If your thoughts start to wonder, come back to your scene. There are also guided visualization apps and YouTube videos that can help you stay focused and practice this technique.

          5. Use a sleep cycle monitor or app to wake up fresher.

          Use a sleep cycle monitor or app to wake up fresher

            (Image from SleepCycle.com)

            Smartphone sleep cycle apps or sleep monitoring devices can be helpful for avoiding groggy mornings and for tracking your habits.

            When you wake up in an REM sleep cycle, it could take several minutes to recover from the groggy and foggy sleep state. These apps and devices aim to work by monitoring your sleep cycles and waking you at point that is most likely to have you feeling awake and well-rested (within a specified timeframe).

            The other, and perhaps more useful, aspect of tracking your sleep is that you can see what disturbs your slumber versus which habits help you sleep better and deeper.

            6. Booby trap your alarm clock.

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            Booby trap your alarm clock

              (Image from NootropicDesign.com)

              For those of us who have developed stealth alarm snooze skills, you may need to get a little creative with your alarm clock until your body is more used to waking up early.

              You can start by placing your alarm far enough away from your bed that you have to get up and move, taping over or covering up the snooze button, or otherwise creating an obstacle that prevents you from slipping back off to bed.

              Another solution could be to try creative alarm apps that require you to perform complex tasks before shutting off.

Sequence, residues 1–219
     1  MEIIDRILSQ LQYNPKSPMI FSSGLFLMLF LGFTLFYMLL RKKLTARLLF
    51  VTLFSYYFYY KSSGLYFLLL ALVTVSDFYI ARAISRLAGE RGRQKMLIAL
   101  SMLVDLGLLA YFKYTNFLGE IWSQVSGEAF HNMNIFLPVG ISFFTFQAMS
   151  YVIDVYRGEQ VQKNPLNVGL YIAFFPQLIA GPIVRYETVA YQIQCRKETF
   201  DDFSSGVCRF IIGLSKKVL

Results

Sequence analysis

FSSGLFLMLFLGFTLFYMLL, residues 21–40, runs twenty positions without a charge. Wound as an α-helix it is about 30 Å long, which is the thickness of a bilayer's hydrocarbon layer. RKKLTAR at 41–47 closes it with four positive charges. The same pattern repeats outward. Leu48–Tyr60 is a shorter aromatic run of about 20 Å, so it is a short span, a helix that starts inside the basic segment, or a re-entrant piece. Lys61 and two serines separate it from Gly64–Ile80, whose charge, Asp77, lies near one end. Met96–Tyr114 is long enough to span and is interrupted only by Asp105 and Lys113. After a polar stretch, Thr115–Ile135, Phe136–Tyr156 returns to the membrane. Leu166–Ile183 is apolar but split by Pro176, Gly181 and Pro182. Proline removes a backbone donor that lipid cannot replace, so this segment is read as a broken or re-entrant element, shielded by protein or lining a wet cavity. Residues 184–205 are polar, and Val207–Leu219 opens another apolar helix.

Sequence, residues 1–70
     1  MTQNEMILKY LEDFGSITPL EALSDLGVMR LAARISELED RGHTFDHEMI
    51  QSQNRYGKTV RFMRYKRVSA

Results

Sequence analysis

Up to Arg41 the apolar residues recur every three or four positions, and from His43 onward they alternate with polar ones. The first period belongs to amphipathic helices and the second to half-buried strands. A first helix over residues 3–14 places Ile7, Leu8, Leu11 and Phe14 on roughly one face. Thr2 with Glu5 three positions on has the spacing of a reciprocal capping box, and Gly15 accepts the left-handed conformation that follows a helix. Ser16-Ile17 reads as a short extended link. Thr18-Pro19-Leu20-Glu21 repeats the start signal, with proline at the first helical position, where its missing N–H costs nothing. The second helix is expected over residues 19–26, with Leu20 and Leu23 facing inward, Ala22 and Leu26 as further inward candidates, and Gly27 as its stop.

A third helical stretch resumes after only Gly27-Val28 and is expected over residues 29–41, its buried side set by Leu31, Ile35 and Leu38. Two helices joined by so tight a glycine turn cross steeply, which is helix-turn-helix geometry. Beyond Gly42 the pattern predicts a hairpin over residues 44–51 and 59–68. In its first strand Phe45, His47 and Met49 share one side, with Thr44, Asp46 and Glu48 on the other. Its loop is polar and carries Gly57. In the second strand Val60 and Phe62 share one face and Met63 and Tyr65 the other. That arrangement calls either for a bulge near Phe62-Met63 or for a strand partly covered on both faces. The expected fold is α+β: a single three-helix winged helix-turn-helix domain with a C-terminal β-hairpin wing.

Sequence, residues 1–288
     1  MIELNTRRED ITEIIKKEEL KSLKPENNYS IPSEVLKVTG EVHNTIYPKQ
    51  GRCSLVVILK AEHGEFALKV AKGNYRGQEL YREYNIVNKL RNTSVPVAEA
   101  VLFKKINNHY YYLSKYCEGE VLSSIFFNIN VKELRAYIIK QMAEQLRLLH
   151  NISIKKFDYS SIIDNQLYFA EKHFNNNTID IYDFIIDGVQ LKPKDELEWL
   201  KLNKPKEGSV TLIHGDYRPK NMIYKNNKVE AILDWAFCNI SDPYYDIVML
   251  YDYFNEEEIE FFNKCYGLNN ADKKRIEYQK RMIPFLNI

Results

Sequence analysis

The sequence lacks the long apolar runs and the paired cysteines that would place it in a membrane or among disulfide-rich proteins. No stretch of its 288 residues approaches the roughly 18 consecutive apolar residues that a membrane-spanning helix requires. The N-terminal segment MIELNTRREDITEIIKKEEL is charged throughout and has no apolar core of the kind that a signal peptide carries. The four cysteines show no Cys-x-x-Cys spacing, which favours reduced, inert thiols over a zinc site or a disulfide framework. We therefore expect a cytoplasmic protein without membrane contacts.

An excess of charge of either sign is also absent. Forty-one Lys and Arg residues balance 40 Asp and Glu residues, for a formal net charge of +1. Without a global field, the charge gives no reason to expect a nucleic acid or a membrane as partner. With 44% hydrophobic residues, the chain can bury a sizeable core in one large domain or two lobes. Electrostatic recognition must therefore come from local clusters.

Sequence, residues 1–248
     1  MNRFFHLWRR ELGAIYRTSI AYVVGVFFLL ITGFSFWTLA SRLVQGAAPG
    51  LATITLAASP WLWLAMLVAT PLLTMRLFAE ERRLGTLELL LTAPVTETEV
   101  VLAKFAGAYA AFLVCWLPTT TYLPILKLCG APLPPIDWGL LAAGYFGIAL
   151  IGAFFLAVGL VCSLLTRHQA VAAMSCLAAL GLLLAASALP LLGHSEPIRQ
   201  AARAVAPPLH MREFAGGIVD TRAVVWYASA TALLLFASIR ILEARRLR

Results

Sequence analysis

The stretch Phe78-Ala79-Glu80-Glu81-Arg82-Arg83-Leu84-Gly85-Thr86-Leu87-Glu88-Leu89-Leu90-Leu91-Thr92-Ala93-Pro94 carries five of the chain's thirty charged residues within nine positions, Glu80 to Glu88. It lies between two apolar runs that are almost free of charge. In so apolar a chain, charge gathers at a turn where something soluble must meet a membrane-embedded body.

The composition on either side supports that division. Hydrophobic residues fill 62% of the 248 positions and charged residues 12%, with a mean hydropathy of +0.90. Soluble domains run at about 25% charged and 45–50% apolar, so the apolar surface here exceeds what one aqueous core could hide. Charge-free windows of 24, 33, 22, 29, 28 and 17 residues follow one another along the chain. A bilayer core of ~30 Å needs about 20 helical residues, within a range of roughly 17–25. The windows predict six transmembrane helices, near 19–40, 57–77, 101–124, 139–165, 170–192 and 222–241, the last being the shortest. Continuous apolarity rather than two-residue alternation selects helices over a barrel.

7. Remember why you are waking up early, positively.

              Remember why you are waking up early, positively

                (Image from psu.edu blog)

                If motivation to get out of bed is your weakness, then create reminders for yourself about why you want to achieve this goal or positive affirmations to encourage you.

                On smartphones, you could name your alert to match your motivation, such as: “Fit into skinny jeans!”, “Increase sales 20%!”, “Get an A+!”, or “Today is a special day!” or leave positive sticky notes on your alarm, pillow, or bathroom mirror.

                8. Utilize acupressure to wake up.

                Utilize acupressure to wake up

                  One study from University of Michigan researchers found that basic acupressure techniques helped boost alertness. These simple techniques take only a couple of minutes, and can even be done in bed or whenever you need a boost during the day.

                  Stimulation points for alertness include the top of your head, top of the back of your neck, back of your hand between your thumb and index finger, right below your knees, and the center of the bottom of your foot.

                  9. Turbo-charge your morning routine.

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                  Turbo-charge your morning routine

                    Get going quicker after you wake up by incorporating water, light, activity and healthy food into your morning routine.

                    Start your morning with a big glass of cold water (some people also swear by warm water with lemon) to recover from nighttime dehydration.